In 1963, the Supreme Court unanimously decided in Gideon v. Wainwright, 372 U.S. 335 (1963) that the Sixth Amendment gives all low-income defendants the right to counsel in criminal cases. A year later, the Court broached the issue of a similar right in civil cases claiming that "laymen cannot be expected to know how to protect their rights when dealing with practiced and carefully counseled adversaries.” See Brotherhood of R.R. Trainmen v. Virginia, 377 U.S. 1, 7 (1964). However, in 1981, it declared that indigent litigants do not have the right to court appointed counsel in cases involving the termination of parental rights. See Lassiter v. Department of Social Services,, 425 U.S. 18 (1981).
In the past decade, the movement towards establishing the right to counsel in civil cases has been gaining traction, and in 2006, the ABA issued a statement showing its support. Well, from the ABA's mouth to Governor Schwarzenegger's ears, and we get the first state law in California mandating legal representation for indigent civil litigants, otherwise known as the "Civil Gideon."
The big question here is where the money is coming from. According to the Wall Street Journal, court fees will be increased by a mere ten dollars, and the extra money will be used to fund the new law starting in 2011. Until then, the money will go to the courts so they can get back on their feet in the midst of the golden state's budget crisis.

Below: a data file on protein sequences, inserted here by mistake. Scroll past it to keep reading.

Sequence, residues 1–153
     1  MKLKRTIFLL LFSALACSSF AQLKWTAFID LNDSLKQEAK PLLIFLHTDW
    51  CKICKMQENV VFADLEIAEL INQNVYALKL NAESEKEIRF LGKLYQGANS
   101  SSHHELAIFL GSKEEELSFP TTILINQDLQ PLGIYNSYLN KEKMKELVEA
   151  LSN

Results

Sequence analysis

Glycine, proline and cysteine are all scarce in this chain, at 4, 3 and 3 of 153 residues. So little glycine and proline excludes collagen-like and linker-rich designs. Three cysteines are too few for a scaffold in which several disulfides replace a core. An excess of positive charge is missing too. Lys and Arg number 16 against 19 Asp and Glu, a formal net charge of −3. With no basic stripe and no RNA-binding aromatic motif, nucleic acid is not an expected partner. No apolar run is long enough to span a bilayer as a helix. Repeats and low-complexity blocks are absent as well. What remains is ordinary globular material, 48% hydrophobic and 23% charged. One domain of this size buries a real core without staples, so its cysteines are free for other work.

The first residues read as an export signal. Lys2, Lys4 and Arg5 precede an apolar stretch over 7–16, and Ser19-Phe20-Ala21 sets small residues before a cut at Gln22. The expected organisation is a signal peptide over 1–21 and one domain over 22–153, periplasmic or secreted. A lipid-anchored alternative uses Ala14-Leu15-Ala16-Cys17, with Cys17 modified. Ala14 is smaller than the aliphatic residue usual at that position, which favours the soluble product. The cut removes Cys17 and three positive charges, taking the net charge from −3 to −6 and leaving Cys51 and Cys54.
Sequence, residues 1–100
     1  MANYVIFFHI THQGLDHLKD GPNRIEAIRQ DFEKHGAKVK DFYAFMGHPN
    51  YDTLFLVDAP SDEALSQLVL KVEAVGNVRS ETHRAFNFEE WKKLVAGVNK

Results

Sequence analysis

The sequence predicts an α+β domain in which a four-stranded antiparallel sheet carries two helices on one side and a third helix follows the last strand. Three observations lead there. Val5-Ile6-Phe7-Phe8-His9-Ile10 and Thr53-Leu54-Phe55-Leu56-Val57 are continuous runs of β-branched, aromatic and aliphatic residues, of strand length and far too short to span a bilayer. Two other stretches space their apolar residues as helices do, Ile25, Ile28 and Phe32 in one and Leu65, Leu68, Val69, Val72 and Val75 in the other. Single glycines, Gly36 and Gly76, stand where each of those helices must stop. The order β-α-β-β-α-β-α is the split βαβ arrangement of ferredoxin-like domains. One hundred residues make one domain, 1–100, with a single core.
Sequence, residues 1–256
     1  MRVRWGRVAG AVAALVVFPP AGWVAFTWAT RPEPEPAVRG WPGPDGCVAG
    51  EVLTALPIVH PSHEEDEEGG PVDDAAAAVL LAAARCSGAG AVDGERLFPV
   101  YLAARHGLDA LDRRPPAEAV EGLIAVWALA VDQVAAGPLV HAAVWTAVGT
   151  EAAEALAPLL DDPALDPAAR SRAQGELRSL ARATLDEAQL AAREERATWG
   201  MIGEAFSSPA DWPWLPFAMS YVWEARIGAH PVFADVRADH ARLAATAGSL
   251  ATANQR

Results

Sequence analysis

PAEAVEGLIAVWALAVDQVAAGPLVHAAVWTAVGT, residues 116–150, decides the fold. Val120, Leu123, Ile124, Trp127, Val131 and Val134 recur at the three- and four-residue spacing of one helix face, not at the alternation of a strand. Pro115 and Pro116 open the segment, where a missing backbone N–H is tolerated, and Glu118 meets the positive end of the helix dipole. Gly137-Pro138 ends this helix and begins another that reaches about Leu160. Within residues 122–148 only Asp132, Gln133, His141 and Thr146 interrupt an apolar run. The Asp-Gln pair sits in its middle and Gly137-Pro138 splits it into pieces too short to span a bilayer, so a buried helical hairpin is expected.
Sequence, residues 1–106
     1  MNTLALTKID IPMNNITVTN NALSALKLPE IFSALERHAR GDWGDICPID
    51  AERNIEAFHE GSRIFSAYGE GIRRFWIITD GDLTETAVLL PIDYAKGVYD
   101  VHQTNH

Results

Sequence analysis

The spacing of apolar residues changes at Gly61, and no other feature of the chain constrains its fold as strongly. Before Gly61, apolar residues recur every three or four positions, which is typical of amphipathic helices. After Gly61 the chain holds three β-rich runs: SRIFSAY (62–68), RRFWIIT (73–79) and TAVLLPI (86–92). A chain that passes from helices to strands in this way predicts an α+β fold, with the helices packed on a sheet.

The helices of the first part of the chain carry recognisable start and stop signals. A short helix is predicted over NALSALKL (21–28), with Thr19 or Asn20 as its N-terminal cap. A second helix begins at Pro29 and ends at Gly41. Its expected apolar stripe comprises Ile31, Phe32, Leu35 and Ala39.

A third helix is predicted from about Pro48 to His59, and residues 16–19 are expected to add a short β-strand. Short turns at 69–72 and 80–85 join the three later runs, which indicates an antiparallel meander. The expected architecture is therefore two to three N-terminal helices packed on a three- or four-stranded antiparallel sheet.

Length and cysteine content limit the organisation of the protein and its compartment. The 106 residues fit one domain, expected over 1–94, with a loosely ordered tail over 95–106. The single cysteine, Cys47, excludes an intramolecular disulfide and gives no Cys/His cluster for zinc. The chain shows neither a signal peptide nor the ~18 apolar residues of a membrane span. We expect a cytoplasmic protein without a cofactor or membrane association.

In the Journal, Ted Frank argues that this law will flood the courts with unnecessary litigation. He claims that parents will be less likely to reach agreements in child custody cases, and landlords will be forced to litigate evictions. While I understand the drawback of added litigation, I've never found it to be particularly persuasive enough to override a law aimed at a greater level of fairness and justice. In most custody cases, an agreement is more likely reached when the party who can afford an attorney bullies the other party into signing something. As for eviction cases, I believe that at the end of a notice period, a landlord must file an eviction case with the court anyway to have the eviction legally recognized. Moreover, the American judicial system can be overwhelming, confusing and inevitably adversarial. While many civil parties successfully file suits pro se, I think it is fair to say that they often lack the knowledge and skills to successfully plead a case. I mean, if everyone can just represent themselves, then why are we spending so much money on law school?
The result is that many nonprofit organizations, such as Legal Aid, are swamped with cases and constantly turning people away. While Frank assumes that the people who are turned away must have meritless cases, I think the more likely conclusion is that these public interest organizations are simply losing a battle of supply and demand.
I do have my doubts about the funding, as well as California's ability to enforce this mandate while trying to revive its floundering economy. However, my initial reaction is hats off to the Terminator for boldly changing the course of civil litigation.
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